New Pentax Q Lens: Zoom, Fish-Eye and Toy Telephoto

By Posted 23 Jun 2011, 13:04

After the recent announcement of the Pentax Q, Pentax Imaging Company now have added four accessory Q-mount lenses designed for exclusive use with the Pentax Q. Each lens has an optimized image circle to match the size of the Q’s CMOS image sensor giving users great lens options.

In an article today by Jamie Pert on our PR team; information is given about Pentax Q the world’s smallest, lightest interchangeable lens system camera and a video to view it in action. The Standard Zoom has a focal length equivalent to a 27.5-83.0mm zoom lens in the 35mm format that is great for wide angle to medium telephoto range. Containing a minimum focusing distance of 11.8 inches at all focal lengths for close-up photography this lens produces high quality images that deliver high contrast to the edges. This comes with a built-in neutral density filter for shooting at bright locations or when using slower shutter speeds. This lens price is $299.95.

The Fish-Eye lens is an extra wide angled lens that gives you the option of a wider 160 degree angle of view assisting photographers to obtain that fish-eye effect. The fish-eye lens with it’s ultra wide-angle feature will help the user to produce amazing and captivating images. The lens price is currently $129.95 and will give a great distorted perspective with a pan focus effect that will contain all elements of the picture with a sharp image.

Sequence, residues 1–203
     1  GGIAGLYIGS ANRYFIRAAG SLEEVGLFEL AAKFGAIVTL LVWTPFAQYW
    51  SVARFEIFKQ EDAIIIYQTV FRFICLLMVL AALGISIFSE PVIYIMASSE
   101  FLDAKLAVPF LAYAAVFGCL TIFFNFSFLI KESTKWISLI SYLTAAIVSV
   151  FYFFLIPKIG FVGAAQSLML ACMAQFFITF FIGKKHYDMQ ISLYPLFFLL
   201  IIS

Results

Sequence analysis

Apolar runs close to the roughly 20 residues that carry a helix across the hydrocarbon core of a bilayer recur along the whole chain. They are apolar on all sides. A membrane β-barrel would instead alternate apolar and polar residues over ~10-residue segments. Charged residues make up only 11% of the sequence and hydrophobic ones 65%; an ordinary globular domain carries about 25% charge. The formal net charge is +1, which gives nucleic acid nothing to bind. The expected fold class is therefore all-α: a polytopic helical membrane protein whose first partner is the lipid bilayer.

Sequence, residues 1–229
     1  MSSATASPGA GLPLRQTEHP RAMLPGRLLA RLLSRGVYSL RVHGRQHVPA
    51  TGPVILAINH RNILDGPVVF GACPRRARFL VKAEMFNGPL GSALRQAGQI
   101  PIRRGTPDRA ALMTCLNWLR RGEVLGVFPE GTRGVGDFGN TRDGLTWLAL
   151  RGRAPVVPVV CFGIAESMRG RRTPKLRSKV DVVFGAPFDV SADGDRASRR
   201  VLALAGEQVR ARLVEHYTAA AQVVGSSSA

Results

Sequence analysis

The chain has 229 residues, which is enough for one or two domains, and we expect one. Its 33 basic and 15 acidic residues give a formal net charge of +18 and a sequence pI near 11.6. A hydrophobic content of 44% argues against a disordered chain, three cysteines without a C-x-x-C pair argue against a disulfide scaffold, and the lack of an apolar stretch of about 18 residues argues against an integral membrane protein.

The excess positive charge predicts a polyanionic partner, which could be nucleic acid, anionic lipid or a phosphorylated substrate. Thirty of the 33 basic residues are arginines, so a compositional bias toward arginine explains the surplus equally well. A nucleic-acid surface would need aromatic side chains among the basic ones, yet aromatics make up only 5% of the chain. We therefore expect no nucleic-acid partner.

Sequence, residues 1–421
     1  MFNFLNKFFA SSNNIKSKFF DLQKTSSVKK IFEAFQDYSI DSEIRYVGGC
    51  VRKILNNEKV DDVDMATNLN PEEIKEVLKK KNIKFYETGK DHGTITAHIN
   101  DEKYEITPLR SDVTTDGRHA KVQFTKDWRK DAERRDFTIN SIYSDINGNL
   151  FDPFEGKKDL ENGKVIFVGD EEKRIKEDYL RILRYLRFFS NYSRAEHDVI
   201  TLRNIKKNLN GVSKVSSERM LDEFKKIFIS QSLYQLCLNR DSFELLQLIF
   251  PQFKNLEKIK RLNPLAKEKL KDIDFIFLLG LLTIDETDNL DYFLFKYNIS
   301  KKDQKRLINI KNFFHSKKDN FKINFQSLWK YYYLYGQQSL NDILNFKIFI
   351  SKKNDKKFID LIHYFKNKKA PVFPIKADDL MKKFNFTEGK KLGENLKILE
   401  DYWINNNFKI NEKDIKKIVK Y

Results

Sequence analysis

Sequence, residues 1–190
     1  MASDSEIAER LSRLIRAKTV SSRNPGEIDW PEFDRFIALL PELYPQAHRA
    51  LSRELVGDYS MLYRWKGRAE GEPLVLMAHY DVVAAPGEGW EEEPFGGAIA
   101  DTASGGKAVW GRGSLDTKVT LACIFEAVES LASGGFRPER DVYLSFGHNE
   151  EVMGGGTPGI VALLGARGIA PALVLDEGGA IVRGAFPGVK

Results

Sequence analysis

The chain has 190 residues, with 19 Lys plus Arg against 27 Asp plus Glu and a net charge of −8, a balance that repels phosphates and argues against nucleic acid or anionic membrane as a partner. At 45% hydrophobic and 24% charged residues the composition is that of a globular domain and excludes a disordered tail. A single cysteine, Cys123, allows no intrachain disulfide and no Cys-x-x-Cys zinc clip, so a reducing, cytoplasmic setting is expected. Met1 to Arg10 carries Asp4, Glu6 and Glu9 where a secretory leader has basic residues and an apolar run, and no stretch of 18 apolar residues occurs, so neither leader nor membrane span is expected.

With the Toy Lens Wide and Pentax Toy Lens Telephoto, you will have specially designed optics to retain the different lens aberrations; this produces a more nostalgic image much like the photos taken using a toy camera. Toy Lens Wide is a unifocal wide-angle field of view with a focal length equivalent to 35mm in the 35mm format. The Toy Lens Telephoto is a unifocal medium telephoto lens with a focal length equivalent to 100mm in the 35mm format. Toy Lens Wide and Toy Lens Telephoto are priced at $79.95 each.

Do you think these are reasonable prices? Get more out of your images with a great camera and focus on the lens. For more details, visit Pentaximaging.com.

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